At the same time, Ellison (D-Minn.) is facing a new round of questions and attacks about his former support of Louis Farrakhan and the Nation of Islam — questions that dogged him in his first race for Congress and his near miss run for DNC chairman last year, even after he condemned Farrakhan. (Ellison flirted with the idea of running for attorney general in Minnesota this year but said Wednesday that he will seek reelection to the House.)
In an interview, Ellison said that none of his colleagues raised concerns about the Farrakhan story, which has lit up in conservative media and on cable news, as he campaigned to take over H.R. 676. There was no obvious candidate to take up the bill after Conyers (D-Mich.) resigned in disgrace last year; what had been known as “the Conyers bill” had become problematically labeled. But Ellison’s fellow Democrats had no worries about his name replacing Conyers on the legislation.
“None of my colleagues ever asked me about that, only reporters,” Ellison said. “I am telling you — no one cares. I’ve been all over Minnesota, all over Alabama, all over Missouri, all over Pennsylvania and Connecticut, and nobody ever asked me about this. People ask me about wages, about pay, about health care, about guns, about immigration. They ask me all kinds of challenging questions. But for some reason, some folks in the Fourth Estate think that this Farrakhan thing needs to be inquired about instead.”
The support from Ellison’s colleagues clashed mightily with the attention he’s gotten from Republican groups, which have sought to portray him as too toxic to help his party in swing states and swing districts. In January, after the owner of a photo showing Barack Obama with Farrakhan acknowledged that he had concealed it before the 2008 election, the Wall Street Journal ran an editorial on the Democrats’ “Farrakhan problem,” spotlighting Democrats who had attended Nation of Islam events. On Tuesday, the Republican Jewish Coalition called on Ellison, and any other Democrat with “Farrakhan ties,” to resign from Congress.
“My political opponents keep pushing this out there in order to try to smear and distract from the key issues, but there’s no relationship,” Ellison told CNN’s Wolf Blitzer last month.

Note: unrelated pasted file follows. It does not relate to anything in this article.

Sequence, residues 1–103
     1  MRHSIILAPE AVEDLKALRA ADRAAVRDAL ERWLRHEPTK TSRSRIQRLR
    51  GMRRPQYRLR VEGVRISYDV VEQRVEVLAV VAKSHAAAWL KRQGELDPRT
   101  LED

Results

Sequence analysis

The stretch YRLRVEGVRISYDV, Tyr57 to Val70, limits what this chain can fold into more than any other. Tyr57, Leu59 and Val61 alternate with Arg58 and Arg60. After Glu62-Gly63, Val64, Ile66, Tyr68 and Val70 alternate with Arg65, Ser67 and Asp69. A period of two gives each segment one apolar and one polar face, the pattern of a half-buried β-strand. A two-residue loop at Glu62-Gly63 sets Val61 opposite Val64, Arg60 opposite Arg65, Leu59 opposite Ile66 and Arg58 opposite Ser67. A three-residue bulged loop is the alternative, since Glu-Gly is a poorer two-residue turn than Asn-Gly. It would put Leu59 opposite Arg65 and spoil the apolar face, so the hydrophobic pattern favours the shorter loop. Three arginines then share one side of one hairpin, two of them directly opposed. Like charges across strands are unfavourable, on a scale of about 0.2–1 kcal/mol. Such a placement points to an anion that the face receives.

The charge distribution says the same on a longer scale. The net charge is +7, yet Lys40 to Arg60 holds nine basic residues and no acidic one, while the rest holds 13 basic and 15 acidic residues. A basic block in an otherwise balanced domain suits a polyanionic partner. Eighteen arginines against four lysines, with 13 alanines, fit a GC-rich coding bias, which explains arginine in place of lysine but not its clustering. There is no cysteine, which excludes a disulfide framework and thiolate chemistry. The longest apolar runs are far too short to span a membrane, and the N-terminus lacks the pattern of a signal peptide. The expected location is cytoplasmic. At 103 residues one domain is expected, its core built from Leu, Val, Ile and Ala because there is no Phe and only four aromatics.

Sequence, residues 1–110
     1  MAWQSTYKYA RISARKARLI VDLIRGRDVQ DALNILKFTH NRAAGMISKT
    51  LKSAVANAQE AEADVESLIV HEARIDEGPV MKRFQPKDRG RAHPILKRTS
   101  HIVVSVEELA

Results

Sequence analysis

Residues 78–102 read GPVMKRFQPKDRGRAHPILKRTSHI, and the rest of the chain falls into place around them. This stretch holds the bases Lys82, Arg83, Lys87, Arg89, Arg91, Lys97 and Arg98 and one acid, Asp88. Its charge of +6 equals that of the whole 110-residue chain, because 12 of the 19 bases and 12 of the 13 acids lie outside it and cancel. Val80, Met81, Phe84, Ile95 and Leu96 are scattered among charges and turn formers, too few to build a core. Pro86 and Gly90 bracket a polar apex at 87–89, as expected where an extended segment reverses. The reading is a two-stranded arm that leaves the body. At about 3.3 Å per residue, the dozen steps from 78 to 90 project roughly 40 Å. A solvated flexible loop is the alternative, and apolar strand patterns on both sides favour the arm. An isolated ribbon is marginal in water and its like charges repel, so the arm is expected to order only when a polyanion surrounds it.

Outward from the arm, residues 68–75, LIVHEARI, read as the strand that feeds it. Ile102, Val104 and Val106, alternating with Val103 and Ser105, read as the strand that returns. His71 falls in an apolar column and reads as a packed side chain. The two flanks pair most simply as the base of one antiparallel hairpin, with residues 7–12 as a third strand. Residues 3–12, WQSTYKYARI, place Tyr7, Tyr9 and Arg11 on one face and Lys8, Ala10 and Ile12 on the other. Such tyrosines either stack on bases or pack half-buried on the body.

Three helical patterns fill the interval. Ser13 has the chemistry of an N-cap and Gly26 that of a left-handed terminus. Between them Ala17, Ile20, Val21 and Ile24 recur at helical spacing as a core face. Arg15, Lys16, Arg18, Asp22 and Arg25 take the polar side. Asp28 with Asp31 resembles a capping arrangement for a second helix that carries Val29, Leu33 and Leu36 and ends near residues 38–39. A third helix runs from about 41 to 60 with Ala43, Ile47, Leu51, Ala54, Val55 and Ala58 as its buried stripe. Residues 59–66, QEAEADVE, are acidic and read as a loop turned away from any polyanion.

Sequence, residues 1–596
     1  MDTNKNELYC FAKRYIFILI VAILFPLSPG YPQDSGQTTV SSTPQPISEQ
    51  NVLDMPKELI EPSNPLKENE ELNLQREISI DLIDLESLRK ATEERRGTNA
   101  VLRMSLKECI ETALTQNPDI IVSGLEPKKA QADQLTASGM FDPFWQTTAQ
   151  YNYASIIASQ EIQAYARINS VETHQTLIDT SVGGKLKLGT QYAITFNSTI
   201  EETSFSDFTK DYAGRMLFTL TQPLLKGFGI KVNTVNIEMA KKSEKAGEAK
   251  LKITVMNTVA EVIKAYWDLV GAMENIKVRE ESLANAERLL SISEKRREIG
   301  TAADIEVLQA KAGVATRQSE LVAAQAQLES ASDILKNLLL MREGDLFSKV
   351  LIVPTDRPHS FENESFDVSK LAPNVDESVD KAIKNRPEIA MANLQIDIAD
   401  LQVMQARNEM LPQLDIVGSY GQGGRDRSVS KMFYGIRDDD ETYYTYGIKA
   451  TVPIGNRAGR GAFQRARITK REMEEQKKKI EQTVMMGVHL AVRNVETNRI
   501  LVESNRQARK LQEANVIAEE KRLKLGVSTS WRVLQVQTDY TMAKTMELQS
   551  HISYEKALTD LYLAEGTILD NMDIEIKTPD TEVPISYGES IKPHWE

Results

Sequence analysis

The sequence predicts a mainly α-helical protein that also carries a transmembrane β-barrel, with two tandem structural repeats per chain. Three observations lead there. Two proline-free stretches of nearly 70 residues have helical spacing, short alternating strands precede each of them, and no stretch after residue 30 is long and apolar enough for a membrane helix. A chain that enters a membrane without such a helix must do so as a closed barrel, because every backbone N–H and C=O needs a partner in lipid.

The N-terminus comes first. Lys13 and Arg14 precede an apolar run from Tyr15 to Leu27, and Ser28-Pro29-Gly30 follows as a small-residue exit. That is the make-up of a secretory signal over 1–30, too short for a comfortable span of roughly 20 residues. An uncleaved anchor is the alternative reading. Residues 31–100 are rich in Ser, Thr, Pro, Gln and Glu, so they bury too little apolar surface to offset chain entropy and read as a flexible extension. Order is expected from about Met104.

Meanwhile, the congressman was asking colleagues to support him as the new sponsor of the left’s signature legislation and finding no resistance. His pitch: He could and would lead a campaign for the legislation, separate from his DNC role but building on the success he’d had as a far-traveled advocate for the party.
“Until the platform committee of the DNC adopts this, it’s really more of a congressional effort and a community effort, so we respect the difference,” Ellison said. “But I am going to talk about it as a member of Congress. We’re going to be working on this thing as a team. One of the consistent applause lines we’re all hearing is: We need Medicare for all. There’s a lot of folks who feel that it’s time for us to organize around that. It’s a better policy, at a better price. People in labor, people all over the country, they’re going to be driving the public conversation, raising the dialogue about this.”
On Tuesday night, as Texans voted in the first round of primaries, supporters of the Medicare-for-all approach made gains. In the 23rd and 32nd districts, both of which saw crowded Democratic races, the candidates who made it to May 22’s runoff were all supporter. Ellison wasn’t surprised.
“Here’s the problem: We’re at a point in American history with more income inequality than at any point since the Gilded Age,” Ellison said. “So you’re seeing more support for Medicare for all. Of course you are. If you run to the center, you’re not meeting the needs of the average voter. Millennials are the most screwed voters out there, and the last thing they want is a giant debt load from health care coming on top of their debt load from college. What some people think is a really progressive position is just what the rest of the industrialized world does.”
Ellison is now the lead House Democrat on that message, as well as the second-most visible member of the DNC. In the latter role, he had been attacked by Republicans since last year. And he has come to care less and less about it, at one point tweaking the GOP by tweeting a photo of himself with “Antifa: The Anti-Fascist Handbook.” The media questions he had gotten about Farrakhan — which increased when Farrakhan said that Ellison had distanced himself because “when you want something in this world, the Jew holds the door” — did not reflect what he heard from Democrats.
“I’ve said all I need to say about it,” Ellison said.